The bigger drain looks much more promising so the larger water it is, although it does look suddenly crowded around here, there are two cars in sight right now.
      It must be the rush hour.



Thursday, 11 December 2014

Follow that plough



      There we were, out walking the two terriers, and we got talking to one of our farmer friends. I asked him what they were doing, 'drilling winter wheat he says', but the ground was wet and they had already had to pull tractors out that were stuck in the clarts and mud whilst avoiding the worst dips and gullies or they'd be stuck yet again.
      There were three tractors working away and the farmer and another friend of his said that there was over £300,000 pounds worth of tractors at work plus all the ancillary equipment like six bladed ploughs, harrows and drilling equipment. All that, plus hundreds of litres of diesel equals frightening capital and running costs.
      On other hand the winter wheat is up, growing, and three or four inches high by now. Who'd be a farmer betting against the great book keeper in the sky?
       The seagulls were deliriously happy though, filling up on their ration of protein, that's worms to you and me.


Wednesday, 10 December 2014

Blot on the Fenland landscape




      We don't normally pay too much attention to wind turbines, they're just part of the landscape now, but every so often they force their way into your consciousness. We've seen swans pile into the blades in a shower of white feathers, then there's the noise when you are near them. Then you marvel at how many aren't moving on a windy day. Some friends with horses cannot ride near them on sunny days because the horses try to jump the moving shadow of the blades.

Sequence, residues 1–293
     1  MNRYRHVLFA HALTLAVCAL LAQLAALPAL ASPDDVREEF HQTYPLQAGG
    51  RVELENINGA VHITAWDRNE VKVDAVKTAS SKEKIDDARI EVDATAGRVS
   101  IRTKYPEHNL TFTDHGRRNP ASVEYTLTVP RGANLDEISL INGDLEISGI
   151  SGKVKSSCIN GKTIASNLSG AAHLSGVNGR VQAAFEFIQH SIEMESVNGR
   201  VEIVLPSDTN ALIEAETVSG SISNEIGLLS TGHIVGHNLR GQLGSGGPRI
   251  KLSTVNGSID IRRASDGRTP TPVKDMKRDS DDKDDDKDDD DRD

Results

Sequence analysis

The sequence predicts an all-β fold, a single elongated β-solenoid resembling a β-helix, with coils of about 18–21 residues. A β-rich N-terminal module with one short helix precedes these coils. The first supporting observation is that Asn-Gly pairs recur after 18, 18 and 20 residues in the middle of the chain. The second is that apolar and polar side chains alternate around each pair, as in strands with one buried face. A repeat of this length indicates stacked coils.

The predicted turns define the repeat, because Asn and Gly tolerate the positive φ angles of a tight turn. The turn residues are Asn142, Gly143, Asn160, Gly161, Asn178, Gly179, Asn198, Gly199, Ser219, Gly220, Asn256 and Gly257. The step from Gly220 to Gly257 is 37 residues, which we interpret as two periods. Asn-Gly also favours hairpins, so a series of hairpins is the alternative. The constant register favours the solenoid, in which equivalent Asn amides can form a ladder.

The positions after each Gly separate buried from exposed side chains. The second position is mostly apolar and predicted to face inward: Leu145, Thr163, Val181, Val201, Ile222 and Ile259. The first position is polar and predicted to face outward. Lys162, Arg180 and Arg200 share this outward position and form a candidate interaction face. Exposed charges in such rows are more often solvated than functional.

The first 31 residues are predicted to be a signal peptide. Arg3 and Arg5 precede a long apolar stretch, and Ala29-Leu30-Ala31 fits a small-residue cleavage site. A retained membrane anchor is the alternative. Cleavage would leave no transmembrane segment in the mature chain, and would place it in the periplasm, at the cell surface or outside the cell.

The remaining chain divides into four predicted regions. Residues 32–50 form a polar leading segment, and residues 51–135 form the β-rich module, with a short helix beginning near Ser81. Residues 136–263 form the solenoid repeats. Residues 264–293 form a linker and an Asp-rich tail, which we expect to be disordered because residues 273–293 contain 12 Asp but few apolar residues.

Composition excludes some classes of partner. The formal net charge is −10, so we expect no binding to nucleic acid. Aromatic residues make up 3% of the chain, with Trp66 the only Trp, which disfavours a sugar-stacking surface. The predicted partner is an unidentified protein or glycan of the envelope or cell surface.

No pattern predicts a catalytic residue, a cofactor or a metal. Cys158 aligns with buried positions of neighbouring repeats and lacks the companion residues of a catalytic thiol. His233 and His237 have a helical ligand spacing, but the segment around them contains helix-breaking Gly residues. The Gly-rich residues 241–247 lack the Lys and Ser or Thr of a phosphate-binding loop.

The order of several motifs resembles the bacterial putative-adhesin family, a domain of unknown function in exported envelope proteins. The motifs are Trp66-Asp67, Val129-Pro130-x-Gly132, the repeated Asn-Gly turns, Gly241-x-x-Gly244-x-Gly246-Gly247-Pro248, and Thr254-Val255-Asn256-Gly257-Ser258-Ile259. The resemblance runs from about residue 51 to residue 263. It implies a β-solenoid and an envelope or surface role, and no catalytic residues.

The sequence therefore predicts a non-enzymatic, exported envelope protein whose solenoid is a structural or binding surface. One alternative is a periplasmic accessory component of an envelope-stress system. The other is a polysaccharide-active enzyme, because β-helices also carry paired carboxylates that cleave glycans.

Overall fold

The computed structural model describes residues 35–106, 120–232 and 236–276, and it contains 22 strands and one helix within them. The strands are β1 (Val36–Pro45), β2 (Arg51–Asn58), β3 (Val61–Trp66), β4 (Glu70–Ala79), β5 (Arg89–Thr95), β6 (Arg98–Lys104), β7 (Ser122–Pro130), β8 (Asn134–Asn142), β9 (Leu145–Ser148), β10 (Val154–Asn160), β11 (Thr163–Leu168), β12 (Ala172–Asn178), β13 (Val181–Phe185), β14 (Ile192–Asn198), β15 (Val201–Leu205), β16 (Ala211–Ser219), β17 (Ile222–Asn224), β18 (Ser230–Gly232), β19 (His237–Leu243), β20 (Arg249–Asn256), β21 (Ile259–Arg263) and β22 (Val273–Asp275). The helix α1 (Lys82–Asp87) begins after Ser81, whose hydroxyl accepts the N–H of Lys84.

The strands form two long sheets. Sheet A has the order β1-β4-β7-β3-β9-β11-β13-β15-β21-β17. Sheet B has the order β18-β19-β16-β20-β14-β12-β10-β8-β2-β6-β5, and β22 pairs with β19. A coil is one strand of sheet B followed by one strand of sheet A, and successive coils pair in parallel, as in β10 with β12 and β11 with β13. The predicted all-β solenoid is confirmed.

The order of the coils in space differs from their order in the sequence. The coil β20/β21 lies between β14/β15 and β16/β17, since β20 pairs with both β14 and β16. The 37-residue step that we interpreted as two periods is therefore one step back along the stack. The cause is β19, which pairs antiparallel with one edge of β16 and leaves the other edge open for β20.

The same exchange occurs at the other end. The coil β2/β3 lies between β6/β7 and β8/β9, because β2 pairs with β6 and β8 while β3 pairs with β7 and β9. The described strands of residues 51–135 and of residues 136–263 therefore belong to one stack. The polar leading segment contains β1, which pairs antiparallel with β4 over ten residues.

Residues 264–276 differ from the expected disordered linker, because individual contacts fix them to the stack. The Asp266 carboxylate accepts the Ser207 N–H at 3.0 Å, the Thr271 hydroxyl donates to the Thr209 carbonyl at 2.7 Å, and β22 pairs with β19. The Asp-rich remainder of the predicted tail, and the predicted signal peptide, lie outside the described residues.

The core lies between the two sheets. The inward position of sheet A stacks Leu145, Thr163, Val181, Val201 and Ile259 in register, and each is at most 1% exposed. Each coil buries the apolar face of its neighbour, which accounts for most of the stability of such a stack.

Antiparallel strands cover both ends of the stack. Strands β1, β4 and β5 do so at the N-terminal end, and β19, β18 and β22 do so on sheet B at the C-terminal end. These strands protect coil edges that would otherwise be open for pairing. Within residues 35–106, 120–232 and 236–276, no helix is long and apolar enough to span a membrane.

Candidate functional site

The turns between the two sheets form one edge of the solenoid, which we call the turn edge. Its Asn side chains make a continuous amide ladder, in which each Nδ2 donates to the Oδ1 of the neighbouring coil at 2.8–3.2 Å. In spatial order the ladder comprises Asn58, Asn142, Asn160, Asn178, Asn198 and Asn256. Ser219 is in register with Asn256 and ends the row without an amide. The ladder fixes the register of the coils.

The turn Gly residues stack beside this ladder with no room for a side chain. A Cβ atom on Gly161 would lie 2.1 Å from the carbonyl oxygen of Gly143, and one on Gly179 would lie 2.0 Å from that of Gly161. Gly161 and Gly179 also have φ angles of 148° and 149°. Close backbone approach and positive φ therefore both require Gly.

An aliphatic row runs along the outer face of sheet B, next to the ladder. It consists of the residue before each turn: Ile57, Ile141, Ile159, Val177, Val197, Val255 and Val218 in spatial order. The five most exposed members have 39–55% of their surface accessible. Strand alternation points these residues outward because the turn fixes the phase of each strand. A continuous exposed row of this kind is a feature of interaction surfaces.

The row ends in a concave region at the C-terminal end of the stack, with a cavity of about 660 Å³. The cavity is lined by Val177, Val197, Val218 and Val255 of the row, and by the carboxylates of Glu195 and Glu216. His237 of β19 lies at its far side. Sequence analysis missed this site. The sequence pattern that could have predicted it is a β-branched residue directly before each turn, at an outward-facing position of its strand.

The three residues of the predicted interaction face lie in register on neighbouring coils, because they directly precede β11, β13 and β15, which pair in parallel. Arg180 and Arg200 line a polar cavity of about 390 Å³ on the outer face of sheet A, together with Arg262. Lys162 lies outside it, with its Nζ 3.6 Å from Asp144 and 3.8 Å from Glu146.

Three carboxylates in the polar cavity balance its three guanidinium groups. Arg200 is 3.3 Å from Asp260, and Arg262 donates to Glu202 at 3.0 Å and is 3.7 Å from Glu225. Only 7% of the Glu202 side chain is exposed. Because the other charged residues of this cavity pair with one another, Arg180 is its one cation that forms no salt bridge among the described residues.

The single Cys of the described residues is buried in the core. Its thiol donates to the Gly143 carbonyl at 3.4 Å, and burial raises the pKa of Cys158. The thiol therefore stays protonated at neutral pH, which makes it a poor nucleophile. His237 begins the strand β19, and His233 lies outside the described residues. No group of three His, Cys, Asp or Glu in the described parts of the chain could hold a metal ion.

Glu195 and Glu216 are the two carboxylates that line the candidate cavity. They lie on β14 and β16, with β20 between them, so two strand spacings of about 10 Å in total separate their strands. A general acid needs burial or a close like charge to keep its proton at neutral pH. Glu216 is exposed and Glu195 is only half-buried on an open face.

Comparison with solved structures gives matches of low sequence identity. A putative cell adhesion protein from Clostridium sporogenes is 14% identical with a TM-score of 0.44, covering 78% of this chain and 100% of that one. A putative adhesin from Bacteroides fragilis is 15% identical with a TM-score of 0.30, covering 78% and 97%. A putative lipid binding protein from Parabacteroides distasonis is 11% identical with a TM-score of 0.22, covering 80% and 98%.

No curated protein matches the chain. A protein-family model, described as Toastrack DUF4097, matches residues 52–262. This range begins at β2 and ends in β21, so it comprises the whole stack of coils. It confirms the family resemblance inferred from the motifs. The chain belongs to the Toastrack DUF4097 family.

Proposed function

They are a good wheeze for some people and organisations making them a load of money in subsidies, that we pay for, yet providing 'them' with a good income. Then we pay for the electricity at a premium price because of the subsidies. Neat scam. If we had made up a scam like that we would be behind bars.
      We'd like to bet that they won't age as well as Victorian engineering either. They'll all have fallen down by the time the next two hundred years are up.